Nudges and social norms
This article was originally published on B.Bias blog
When are nudges most effective? A study by Pelle Guldborg Hansen, founder of the Danish Nudging Network, a non-profit organisation in Copenhagen, suggests that nudges may work only if they are in line with social norms. They tested two potential “social nudges” in partnership with the local government, both using symbols to try to influence choices:
– In one trial, green arrows pointing to stairs were put next to railway-station escalators, in the hope of encouraging people to take the healthier option. This had almost no effect.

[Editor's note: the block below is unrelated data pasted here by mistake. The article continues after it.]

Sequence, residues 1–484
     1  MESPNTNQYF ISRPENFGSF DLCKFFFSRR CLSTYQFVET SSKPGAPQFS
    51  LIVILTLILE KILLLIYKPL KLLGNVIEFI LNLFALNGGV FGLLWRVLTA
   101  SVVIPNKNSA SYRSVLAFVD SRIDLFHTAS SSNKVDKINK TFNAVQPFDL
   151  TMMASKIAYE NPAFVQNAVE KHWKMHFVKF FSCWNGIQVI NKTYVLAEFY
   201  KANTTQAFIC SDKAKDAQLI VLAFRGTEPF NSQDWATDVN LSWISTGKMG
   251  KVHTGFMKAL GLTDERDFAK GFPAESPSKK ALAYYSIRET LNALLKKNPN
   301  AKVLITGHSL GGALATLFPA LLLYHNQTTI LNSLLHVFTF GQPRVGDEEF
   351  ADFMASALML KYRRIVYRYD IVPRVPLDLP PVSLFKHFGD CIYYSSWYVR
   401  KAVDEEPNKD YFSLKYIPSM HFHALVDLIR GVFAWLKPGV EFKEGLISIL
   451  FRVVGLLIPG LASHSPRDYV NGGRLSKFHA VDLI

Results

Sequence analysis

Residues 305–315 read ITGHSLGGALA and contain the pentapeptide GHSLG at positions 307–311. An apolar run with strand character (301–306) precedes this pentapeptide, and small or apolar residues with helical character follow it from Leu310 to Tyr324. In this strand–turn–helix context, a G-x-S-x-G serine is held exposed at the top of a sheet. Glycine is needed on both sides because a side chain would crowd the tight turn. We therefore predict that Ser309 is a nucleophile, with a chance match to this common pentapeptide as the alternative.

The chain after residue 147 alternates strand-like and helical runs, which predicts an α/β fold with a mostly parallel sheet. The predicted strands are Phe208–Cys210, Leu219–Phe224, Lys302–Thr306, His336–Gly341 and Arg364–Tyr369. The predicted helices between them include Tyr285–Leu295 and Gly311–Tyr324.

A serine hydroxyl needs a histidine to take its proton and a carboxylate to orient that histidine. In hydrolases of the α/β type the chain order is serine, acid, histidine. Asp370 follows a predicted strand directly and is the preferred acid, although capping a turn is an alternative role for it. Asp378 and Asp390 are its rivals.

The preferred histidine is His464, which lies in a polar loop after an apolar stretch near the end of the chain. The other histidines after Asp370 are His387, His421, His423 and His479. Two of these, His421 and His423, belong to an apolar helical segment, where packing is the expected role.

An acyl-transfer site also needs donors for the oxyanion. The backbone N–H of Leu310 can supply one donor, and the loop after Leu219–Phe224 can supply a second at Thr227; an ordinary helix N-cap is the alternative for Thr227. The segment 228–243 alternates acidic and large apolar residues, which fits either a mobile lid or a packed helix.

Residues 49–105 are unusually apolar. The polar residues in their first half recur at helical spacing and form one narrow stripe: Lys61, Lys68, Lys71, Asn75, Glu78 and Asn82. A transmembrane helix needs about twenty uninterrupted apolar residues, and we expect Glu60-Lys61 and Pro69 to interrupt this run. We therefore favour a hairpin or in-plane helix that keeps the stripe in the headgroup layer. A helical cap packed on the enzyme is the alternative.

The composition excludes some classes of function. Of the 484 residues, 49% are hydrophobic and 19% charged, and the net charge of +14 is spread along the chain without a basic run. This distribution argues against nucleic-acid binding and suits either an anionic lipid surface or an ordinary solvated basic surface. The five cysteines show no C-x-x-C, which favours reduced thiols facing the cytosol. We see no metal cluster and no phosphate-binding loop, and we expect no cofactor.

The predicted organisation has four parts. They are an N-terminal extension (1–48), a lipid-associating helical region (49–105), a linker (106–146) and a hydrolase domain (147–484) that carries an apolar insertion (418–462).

– The other experiment had a series of green footprints leading to rubbish bins. These signs reduced littering by 46% during a controlled experiment in which wrapped sweets were handed out.
“There are no social norms about taking the stairs but there are about littering,” said Mr Hansen. Hence, perhaps existing social norms must be studied before designing a nudge!